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City of Seattle
Ed Murray, Mayor
NEWS ADVISORY
SUBJECT: Seattle Celebrates Public Power Week Oct. 7-13
FOR IMMEDIATE RELEASE:
10/5/2012  9:27:00 AM
FOR MORE INFORMATION CONTACT:
Scott Thomsen  (206) 386-4233




Community Ownership of Seattle City Light Keeps Costs Low, Supports the Environment

SEATTLE – Seattle City Light has been owned by the customers it serves for more than 105 years. In recognition of community ownership, Public Power Week is being celebrated during the week of Oct. 7-13. City Light is one of the more than 2,000 other public electric utilities that collectively provide electricity on a not-for-profit basis to 46 million Americans.

“Public Power Week is a chance for City Light to talk about why public power is so important in the greater Seattle area. We are absolutely dedicated to providing the best customer experience of any utility in the country while maintaining our commitment to reliable, low-cost, environmentally responsible electricity,” Superintendent Jorge Carrasco said.

Public Power Week is a national, annual event sponsored in conjunction with the American Public Power Association (APPA) in Washington, D.C. APPA is the service organization for community- and state-owned electric utilities.

“We are proud to have served the greater Seattle area for 110 years,” Carrasco said. “City Light contributes to our community’s economic vitality by offering some of the lowest rates of any urban utility in the country while also promoting energy conservation that helps our customers save money,” he said. “It’s important for us to let our customers know that they own an extremely valuable asset.”

Seattle City Light invites community members to participate in Public Power Week.

• Students in grades 3 through 6 living in City Light’s service territory can enter an art contest related to energy conservation and shrinking your carbon footprint. Twelve grand prize winners will have their art featured in a calendar and receive a prize pack that includes an annual family membership to one of four local attractions, a science kit and a Skagit Tour. Get details at Seattle City Light Calendar Contest.

• Watch a short video about how public power connects all of us at Public Power Week.

• Learn how you can use solar energy to power your home during a workshop at the NewHolley Branch of the Seattle Library, 7058 32nd Ave. S, from 6:30 p.m. to 7:30 p.m. Oct. 8.

• Join City Light, the conservation group PECI and the Bonneville Power Administration Oct. 9 at 9 a.m. for a check presentation for rebates on energy efficiency investments at Uwajimaya, 600 Fifth Ave. S.

• On Oct. 12, Mayor Mike McGinn, Seattle City Light and the Northwest Energy Efficiency Council will announce a pilot program designed to encourage office buildings to increase their energy efficiency with creative solutions.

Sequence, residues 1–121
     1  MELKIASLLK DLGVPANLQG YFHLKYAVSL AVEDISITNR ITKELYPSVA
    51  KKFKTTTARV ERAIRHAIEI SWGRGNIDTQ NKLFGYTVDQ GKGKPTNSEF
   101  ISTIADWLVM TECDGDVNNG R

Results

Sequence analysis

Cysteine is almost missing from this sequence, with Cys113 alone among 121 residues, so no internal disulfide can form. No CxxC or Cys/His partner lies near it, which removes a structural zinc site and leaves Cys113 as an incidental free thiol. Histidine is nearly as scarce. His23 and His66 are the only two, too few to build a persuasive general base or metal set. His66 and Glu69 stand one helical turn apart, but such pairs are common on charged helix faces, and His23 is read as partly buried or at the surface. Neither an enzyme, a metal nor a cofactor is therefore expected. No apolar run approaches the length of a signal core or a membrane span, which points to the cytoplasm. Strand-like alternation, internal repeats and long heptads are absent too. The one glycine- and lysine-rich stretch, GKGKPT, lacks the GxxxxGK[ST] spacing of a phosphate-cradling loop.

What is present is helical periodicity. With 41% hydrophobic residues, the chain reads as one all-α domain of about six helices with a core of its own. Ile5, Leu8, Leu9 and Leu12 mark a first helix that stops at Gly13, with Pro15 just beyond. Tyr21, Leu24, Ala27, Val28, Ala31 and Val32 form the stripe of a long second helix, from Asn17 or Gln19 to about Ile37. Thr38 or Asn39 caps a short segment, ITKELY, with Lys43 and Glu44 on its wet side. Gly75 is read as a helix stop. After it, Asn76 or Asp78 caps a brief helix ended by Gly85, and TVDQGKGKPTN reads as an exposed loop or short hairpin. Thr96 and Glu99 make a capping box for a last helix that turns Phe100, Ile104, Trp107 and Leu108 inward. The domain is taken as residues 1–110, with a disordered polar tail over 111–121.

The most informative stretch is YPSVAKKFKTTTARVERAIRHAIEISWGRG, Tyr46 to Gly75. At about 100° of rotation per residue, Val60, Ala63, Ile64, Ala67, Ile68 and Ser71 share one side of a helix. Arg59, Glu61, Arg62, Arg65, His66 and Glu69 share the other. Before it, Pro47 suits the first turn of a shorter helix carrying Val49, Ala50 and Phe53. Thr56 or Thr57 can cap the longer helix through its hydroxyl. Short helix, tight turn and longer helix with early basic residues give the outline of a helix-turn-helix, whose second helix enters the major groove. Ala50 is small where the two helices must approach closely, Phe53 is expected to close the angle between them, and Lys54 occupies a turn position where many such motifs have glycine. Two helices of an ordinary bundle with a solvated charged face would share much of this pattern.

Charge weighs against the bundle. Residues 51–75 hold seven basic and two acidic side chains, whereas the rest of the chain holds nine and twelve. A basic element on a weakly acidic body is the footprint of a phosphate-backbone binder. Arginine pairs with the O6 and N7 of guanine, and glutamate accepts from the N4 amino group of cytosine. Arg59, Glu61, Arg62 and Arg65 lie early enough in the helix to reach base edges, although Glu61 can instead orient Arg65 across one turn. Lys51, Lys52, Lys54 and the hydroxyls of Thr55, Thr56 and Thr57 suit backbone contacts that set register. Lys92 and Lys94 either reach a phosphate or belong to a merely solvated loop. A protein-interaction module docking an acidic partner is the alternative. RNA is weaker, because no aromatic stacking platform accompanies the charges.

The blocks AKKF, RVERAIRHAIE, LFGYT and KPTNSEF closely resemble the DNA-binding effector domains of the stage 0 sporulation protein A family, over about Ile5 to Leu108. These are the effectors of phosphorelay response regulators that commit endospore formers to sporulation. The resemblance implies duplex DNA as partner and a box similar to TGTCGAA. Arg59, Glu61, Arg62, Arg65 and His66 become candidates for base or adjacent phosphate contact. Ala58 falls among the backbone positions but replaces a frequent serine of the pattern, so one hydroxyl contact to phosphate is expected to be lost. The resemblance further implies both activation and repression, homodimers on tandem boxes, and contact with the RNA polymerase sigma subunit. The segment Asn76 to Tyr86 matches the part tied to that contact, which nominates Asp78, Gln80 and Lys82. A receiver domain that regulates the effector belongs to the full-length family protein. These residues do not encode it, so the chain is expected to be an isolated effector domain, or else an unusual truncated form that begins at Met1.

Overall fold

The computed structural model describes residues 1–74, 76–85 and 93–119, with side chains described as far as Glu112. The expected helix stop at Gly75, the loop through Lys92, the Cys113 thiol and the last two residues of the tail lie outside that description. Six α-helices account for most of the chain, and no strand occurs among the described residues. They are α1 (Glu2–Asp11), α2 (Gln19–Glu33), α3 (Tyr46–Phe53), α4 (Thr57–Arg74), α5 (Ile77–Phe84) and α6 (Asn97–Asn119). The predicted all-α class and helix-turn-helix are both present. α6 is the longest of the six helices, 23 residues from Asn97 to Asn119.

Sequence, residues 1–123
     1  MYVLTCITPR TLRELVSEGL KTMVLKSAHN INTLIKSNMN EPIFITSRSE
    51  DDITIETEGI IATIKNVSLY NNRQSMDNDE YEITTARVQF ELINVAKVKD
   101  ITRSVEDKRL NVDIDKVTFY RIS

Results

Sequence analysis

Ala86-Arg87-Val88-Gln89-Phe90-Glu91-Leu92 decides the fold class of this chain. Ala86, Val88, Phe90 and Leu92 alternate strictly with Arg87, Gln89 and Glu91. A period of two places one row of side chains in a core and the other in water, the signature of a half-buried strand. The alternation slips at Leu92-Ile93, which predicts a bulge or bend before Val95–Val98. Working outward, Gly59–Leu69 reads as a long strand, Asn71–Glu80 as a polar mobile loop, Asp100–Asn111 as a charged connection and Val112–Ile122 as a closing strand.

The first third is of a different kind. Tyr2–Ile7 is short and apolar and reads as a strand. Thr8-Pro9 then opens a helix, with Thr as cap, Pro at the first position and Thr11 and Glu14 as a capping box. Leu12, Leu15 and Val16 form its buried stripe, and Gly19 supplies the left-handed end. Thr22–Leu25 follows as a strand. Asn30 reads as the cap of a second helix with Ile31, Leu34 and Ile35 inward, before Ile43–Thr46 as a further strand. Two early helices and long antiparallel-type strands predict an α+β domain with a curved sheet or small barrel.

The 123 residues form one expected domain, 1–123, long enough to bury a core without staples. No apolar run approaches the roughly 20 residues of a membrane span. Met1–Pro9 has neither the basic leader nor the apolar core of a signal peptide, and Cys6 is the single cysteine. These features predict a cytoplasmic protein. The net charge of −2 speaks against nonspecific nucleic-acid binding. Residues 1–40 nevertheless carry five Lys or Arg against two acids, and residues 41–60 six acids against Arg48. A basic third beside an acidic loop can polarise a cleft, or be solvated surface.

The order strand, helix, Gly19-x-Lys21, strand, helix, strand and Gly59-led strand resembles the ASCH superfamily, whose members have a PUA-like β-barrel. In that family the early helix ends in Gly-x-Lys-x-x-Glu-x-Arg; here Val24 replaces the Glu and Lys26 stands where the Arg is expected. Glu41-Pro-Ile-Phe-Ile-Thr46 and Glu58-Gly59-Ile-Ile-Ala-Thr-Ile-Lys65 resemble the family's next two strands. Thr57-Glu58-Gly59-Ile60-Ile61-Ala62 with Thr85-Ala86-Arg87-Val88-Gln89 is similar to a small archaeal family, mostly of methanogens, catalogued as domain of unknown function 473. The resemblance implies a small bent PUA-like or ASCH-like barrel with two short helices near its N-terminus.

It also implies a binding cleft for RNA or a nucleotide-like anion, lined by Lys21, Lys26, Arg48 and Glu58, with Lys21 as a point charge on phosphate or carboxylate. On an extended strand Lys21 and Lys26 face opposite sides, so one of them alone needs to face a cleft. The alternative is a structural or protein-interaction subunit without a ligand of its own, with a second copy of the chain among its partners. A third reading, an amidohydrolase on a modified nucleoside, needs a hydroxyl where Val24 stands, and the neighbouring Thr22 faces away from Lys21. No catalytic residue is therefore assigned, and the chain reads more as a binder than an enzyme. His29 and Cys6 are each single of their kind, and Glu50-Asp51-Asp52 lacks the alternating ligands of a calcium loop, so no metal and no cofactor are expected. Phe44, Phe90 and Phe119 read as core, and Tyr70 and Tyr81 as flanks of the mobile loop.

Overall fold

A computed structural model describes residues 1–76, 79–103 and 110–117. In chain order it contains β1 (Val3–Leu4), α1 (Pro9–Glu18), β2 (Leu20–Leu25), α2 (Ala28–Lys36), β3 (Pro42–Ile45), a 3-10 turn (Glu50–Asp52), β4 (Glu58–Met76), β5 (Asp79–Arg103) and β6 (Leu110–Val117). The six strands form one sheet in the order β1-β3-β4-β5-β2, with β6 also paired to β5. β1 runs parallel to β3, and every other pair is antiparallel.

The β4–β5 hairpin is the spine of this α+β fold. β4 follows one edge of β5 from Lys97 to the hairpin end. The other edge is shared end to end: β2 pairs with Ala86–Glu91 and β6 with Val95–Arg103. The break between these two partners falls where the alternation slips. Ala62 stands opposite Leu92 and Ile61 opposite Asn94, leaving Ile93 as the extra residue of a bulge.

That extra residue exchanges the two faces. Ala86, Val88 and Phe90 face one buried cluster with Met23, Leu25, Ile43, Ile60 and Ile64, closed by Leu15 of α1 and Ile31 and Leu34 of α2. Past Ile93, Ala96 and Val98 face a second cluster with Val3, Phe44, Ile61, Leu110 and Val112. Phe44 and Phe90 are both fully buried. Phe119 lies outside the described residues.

Seattle City Light got its start in 1902 when Seattle voters approved a bond issue to develop a hydroelectric facility on the Cedar River in 1902 — the nation's first municipally owned hydro project. Today the utility has about 1,800 employees, seven hydroelectric plants and 14 major substations. It serves about 370,000 residential customers, and about 40,000 commercial and industrial customers.

This year also marks the 75th anniversary of the dedication of Bonneville Dam and the creation of the Bonneville Power Administration. Bonneville was the first of 11 federal dams now operating on the Columbia River. Seattle City Light purchases about 40 percent of the electricity it delivers to its customers from the Bonneville Power Administration.

City Light and BPA share a common past. The second superintendent of City Light was the visionary JD Ross, who built three low-impact hydroelectric dams on the Skagit River. JD also was the first Administrator of BPA in 1937.

In 2011, City Light conservation programs helped customers reduce their energy consumption by 1.1 million megawatt-hours. That’s enough electricity to power 124,000 Seattle homes – one third of the utility’s residential service. Customers who participated in conservation programs reduced their City Light bills by a combined $797 million, half of those savings went to residential customers.

City Light programs also avoided the release of more than 663,000 metric tons of carbon dioxide into the atmosphere. That’s the equivalent of taking 146,000 cars off the road for a year.

Seattle City Light is the 10th largest public electric utility in the United States. City Light has been greenhouse gas neutral since 2005, the first electric utility in the nation to achieve that distinction.

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